Tim Gasper: Fascinating. This is very interesting in terms of looking to the future and where this may all go. Tony, just before we go into our lightning round here, I want to ask you one last question, which is that what happens if we don't use knowledge graphs with GPT? What if that just doesn't happen? What are we losing here? And can that happen? Should it not happen?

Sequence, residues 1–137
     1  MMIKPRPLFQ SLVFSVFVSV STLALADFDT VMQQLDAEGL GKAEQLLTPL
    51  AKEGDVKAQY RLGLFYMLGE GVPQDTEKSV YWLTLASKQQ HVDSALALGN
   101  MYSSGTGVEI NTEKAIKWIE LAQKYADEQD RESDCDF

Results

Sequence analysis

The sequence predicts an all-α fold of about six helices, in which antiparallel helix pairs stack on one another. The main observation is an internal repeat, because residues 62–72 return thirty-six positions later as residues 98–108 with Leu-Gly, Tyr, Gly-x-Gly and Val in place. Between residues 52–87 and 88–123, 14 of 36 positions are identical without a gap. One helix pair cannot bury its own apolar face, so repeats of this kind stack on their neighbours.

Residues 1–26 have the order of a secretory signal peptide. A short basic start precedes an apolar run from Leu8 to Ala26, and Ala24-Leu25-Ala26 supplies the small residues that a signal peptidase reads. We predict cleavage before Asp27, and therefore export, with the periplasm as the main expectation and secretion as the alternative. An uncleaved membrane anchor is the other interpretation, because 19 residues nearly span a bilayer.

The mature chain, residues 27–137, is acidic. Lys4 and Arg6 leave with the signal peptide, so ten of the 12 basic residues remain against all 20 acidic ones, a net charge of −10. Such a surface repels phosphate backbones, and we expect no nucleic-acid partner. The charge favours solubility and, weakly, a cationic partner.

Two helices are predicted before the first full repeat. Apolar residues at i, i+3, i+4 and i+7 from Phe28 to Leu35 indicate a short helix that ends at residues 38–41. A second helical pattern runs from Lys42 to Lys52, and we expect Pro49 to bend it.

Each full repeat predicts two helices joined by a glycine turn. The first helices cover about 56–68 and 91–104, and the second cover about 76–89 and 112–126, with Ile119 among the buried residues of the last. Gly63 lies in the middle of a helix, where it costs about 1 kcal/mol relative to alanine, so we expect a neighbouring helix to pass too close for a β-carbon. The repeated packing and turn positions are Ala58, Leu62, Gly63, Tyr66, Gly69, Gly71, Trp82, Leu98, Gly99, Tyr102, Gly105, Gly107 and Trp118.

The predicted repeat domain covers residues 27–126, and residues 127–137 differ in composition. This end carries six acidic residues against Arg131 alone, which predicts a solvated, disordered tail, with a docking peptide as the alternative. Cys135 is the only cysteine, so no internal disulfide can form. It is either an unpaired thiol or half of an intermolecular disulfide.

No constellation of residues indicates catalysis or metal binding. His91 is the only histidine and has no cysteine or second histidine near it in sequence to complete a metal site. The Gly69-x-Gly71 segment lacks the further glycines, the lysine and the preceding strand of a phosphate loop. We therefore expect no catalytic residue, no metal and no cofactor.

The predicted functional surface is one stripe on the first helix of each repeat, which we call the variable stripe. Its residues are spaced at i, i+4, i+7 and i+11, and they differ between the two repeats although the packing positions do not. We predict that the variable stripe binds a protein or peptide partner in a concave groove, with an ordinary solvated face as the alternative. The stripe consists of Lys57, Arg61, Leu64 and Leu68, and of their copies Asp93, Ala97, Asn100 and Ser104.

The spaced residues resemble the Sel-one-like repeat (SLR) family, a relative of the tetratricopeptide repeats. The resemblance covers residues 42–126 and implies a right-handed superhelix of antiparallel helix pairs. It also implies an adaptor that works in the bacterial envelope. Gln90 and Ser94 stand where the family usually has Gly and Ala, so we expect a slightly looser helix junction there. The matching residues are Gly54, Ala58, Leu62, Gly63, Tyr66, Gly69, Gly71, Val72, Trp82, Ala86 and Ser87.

Tony Seale: Yeah, I guess it can not happen. And I think the vast majority of people are not doing that. So most people which are trying to do internal stuff with it are doing a combination of the fine- tuning and they're doing that Pinecone thing. So they're basically using tools like LangChain to chop up their internal documents, create vector databases, and then chuck them in to do prompt engineering. Yes, you can do that, but I think the elephant in the room from my mind is the data integration problem. We've got a whole bunch of unstructured data, but most of the time what you're wanting to do is actually ask questions related to facts within your databases. You want certainty, you want explainability, you want to be able to ground these things out. If you're working for a bank or something and want to use a model like this, there's quite a lot of, quite rightly, hoops that you have to jump through to prove that this model is not hallucinating and not going to do something really dodgy. You have to be able to ground it out, and that's where I think knowledge graphs interacting with large language models are really going to shine.